John R. Hall is a professional engineer and past president of the Florida Engineering Society (FES), which he represented at the National Society of Professional Engineers (NSPE) for eight years. He is employed by Ludovici & Orange Consulting Engineers (L&O; Coral Gables, Florida), a civil engineering and surveying practice that he joined in 1973 as a summer job. He’s still there, and has been president and majority owner of the firm for the past 30 years. Mr. Hall has been recognized for his contributions to the profession and community with numerous awards, most recently the 2018 AAES Norm Augustine Award for Outstanding Achievement in Engineering Communications. Others include the FES President’s Award, FES State Engineer of the Year, FES State Young Engineer of the Year, FES Outstanding Service to the Profession, University of Miami (UM) National Alumni “Orange” Award for Outstanding Service, UM College of Engineering Distinguished Alumnus Award, and the South Florida Inter-Professional Council’s Professionalism Award. He is passionate about getting engineering into the K–12 curriculum. As FES president, he championed the formation of a K–12 committee to encourage engineers to get involved in their local schools. He was a framer of Florida’s STEM Strategic Plan, and continues to actively promote the integration of engineering into K–12 curriculum at national, state, local, and individual levels. He served for 28 years as a trustee of the Florida Engineering Foundation, which raises funds for engineering education, and has represented NSPE on K–12 boards and events. He obtained his BS in civil engineering from the University of Miami in 1974.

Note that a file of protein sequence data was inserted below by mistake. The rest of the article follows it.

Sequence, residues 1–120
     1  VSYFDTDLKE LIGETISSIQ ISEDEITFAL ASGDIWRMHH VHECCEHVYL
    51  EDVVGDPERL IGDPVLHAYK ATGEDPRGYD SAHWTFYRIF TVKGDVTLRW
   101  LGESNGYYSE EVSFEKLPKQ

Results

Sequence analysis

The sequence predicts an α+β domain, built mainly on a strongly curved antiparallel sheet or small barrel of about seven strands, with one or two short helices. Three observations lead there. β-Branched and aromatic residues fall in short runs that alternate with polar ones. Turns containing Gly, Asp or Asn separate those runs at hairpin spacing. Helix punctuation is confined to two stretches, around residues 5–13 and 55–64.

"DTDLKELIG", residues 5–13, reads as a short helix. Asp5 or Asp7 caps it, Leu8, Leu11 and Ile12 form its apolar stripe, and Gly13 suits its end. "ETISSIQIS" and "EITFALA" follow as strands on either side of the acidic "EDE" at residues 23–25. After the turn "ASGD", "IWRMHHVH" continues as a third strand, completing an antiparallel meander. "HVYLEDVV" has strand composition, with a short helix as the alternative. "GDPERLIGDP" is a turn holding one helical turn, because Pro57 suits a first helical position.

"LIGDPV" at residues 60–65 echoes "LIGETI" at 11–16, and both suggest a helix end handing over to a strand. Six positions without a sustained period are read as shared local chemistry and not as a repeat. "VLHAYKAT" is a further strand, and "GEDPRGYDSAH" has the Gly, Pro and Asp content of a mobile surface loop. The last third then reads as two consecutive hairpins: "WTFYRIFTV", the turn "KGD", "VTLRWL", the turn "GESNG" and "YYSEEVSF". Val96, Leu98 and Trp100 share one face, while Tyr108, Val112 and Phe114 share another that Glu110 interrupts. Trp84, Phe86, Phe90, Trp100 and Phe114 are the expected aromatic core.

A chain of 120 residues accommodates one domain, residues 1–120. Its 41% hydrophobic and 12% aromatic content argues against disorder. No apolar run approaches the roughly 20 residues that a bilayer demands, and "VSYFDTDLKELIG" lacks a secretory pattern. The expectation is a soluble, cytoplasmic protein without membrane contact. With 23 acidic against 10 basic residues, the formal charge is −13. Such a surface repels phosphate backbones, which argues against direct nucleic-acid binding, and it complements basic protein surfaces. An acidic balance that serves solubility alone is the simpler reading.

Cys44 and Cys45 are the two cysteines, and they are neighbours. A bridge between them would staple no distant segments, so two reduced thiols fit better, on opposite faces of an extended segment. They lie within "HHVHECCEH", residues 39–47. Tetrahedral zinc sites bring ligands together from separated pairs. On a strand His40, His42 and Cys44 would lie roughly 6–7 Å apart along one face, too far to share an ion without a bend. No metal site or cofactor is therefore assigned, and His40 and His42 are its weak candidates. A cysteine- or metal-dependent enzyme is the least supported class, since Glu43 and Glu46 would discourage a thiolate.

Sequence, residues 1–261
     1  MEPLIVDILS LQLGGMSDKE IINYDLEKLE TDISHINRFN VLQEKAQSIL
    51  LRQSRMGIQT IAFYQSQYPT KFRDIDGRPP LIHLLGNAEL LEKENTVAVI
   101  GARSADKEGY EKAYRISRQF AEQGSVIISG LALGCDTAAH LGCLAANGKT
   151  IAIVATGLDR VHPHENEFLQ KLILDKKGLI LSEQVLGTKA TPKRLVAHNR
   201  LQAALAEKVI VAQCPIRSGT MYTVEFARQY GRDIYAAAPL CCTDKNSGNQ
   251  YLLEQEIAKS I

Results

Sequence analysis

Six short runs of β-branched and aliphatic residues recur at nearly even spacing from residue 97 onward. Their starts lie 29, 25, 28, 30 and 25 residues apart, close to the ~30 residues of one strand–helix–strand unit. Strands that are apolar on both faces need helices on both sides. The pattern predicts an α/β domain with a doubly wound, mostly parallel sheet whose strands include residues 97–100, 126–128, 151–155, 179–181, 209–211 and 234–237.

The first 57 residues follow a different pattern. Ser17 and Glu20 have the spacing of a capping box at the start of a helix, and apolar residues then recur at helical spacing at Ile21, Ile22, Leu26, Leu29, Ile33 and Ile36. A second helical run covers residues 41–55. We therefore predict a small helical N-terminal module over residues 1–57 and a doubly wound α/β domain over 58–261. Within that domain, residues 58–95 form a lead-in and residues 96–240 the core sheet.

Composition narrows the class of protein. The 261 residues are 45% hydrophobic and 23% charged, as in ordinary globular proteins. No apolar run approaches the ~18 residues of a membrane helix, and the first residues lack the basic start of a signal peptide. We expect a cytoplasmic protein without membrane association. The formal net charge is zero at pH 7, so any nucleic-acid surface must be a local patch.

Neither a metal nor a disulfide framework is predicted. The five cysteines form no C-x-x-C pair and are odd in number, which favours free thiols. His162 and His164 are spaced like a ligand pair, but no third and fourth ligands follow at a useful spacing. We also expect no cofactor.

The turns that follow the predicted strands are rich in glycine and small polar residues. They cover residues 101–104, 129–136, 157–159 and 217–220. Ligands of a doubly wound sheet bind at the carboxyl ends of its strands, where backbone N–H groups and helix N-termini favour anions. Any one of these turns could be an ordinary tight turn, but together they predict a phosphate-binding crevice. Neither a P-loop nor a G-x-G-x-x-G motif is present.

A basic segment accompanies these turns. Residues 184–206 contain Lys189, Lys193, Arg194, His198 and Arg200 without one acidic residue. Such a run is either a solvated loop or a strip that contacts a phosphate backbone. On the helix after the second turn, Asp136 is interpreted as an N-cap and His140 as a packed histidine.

M. Granger Morgan is the Hamerschlag University Professor of Engineering at Carnegie Mellon University, where he holds appointments in the Department of Engineering and Public Policy, the Department of Electrical and Computer Engineering, and the H. John Heinz III College. His research addresses problems in science, technology, and public policy, with a focus on energy, environmental systems, climate change, and risk analysis. At Carnegie Mellon, he codirects (with Inês Azevedo) the National Science Foundation Center for Climate and Energy Decision Making and codirects (with Jay Apt) the Electricity industry Center. A member of the National Academy of Sciences and American Academy of Arts and Sciences, Dr. Morgan is the NAS cochair of the National Academies Report Review Committee and has chaired a variety of consensus studies. He is a member of the US Department of Energy’s Electricity Advisory Committee, the Advisory Committee for the E.ON Energy Research Center at RWTH Aachen University, and the board of the International Risk Governance Foundation. He is a fellow of the AAAS, IEEE, and Society for Risk Analysis. He holds a BA in physics from Harvard College (1963), an MS in astronomy and space science from Cornell (1965), and a PhD from the Department of Applied Physics and Information Sciences at the University of California, San Diego (1969).